Tom Cruise is known for two things. The first is making some of the best action movies ever made, and the second is sending out Christmas cakes to his co-stars (Editor: He’s probably known for other things?). Still, it turns out he’s also quite wise, offering some sage advice to Emily Blunt while making the science fiction movie Edge of Tomorrow.
OK, we say sage advice. What we actually mean is he got quite blunt (no pun intended) with his co-star when she got worried about wearing a prop battle suit for the alien movie. We had to wear these enormous suits, which I think would’ve been great if we had CGI’d them, but we wanted to do it in a tactile way,” She told the SmartLess podcast .” When you hear the word ‘tactile,’ you think that sounds nice and cosy. There was nothing cosy about these suits.”
“It was like 85 pounds,” Blunt continued. “It was so heavy… The first time I put it on, I started to cry, and [Cruise] didn’t know what to do. I was like, ‘Tom, I’m not sure how I’m going to get through this shoot,’ and just started to cry. I said, ‘I’m feeling a bit panicky about the whole shoot.'”
So what did Cruise tell his crying friend? Well, he was helpful in a brutal sort of way. “He [Cruise] just stared at me for a long time, not knowing what to do,” she finished. “And he goes, ‘Come on, stop being such a pussy, OK?'”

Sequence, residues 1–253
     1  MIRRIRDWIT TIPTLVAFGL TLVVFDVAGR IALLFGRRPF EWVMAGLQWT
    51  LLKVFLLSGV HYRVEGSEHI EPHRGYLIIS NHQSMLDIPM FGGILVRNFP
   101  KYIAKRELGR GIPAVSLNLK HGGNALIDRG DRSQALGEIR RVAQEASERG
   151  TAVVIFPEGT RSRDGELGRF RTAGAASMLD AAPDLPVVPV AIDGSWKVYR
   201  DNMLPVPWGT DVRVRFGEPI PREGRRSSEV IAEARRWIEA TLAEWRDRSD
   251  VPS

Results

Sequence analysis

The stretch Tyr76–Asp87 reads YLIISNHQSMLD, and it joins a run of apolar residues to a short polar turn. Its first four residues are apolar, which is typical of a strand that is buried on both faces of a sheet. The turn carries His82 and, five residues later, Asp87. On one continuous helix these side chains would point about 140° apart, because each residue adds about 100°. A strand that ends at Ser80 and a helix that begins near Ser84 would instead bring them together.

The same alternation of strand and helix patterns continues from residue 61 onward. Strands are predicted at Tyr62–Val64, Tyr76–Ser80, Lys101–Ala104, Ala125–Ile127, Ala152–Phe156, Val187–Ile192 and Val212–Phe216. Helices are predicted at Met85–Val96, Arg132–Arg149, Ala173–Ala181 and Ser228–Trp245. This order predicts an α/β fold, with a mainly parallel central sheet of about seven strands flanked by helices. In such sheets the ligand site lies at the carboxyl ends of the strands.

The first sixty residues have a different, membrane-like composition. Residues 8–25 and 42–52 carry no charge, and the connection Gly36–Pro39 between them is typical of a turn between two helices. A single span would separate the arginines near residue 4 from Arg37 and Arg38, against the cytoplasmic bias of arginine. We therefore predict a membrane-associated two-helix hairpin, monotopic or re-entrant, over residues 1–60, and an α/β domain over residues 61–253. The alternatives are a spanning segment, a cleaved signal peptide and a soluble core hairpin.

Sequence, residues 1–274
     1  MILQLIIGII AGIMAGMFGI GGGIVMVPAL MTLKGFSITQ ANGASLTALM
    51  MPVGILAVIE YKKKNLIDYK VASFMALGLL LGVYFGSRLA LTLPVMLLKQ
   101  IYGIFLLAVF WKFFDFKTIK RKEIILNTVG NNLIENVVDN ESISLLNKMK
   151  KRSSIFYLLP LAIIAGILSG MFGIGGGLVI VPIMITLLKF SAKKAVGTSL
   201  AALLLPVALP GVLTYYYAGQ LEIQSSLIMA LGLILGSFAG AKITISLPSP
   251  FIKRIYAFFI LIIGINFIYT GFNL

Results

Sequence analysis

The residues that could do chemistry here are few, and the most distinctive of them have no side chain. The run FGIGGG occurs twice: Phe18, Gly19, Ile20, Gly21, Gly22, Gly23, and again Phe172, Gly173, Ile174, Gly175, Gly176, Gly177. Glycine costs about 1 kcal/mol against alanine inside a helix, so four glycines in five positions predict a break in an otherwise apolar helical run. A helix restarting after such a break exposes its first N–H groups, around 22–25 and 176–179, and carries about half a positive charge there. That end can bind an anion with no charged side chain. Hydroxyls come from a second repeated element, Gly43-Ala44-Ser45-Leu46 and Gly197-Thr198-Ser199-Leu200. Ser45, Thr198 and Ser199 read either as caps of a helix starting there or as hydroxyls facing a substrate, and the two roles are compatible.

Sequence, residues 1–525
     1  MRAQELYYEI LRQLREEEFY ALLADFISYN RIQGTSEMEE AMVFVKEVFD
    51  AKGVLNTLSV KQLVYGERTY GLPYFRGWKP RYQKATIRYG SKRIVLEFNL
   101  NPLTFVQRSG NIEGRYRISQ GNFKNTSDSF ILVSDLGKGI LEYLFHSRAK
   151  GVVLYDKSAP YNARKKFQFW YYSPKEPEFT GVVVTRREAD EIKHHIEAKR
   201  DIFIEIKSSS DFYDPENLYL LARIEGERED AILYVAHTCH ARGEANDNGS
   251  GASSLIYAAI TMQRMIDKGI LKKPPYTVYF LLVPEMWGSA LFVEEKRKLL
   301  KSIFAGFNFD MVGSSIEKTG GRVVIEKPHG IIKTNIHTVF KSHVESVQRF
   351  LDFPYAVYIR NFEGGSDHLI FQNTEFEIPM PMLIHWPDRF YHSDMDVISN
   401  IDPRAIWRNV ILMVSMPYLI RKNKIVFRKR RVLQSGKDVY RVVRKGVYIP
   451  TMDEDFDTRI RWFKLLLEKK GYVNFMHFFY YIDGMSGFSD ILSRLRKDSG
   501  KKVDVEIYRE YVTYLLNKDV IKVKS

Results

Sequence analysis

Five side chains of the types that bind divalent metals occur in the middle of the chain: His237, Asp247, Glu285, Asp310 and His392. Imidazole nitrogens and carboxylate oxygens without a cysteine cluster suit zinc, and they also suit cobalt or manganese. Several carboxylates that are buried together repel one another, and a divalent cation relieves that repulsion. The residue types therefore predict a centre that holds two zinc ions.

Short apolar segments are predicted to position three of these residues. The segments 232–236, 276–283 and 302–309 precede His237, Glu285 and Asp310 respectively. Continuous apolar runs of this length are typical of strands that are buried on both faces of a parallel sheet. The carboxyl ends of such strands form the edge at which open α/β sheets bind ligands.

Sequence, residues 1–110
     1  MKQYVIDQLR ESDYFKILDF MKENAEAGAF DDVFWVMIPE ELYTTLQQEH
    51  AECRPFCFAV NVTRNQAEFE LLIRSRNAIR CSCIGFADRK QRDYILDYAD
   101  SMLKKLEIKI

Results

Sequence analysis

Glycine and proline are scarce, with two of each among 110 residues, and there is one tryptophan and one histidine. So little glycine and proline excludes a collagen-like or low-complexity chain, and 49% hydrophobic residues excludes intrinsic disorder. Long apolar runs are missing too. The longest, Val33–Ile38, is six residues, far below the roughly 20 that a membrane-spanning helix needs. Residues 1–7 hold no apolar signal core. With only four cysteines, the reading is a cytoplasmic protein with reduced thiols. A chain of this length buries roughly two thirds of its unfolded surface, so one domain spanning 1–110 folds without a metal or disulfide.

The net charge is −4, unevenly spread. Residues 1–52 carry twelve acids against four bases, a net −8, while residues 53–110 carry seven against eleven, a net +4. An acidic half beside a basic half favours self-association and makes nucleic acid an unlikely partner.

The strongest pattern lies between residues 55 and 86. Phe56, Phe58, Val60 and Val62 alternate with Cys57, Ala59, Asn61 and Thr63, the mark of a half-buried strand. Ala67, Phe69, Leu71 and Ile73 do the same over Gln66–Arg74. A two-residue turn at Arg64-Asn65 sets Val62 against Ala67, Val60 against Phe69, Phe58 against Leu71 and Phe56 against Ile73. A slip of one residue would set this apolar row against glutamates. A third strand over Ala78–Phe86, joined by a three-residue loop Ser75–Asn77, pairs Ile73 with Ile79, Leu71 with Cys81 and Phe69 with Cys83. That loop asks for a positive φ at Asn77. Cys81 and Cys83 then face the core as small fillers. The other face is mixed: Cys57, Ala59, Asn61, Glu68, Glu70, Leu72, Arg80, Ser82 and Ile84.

Blunt admitted she found the frankness really refreshing and actually started laughing before finishing her scene. This isn’t the first time Cruise has offered advice to one of his colleagues, although it’s probably the bluntest he’s ever been.
Speaking to The Hollywood Reporter, Monica Barbaro, who starred in the wonderful Top Gun 2 (seriously one of the best movies of the year), explained how Cruise would constantly take the younger cast aside to offer them his pearls of wisdom or share the intricacies of filmmaking with them.
“I remember one day when we were on the carrier and in his room as we talked about some changes he had made to the story,” Barbaro explained. “He would always pull us aside and be like, ‘This is why we’re changing this. This is where the story has to go.’ So he would teach us the dynamics of storytelling.”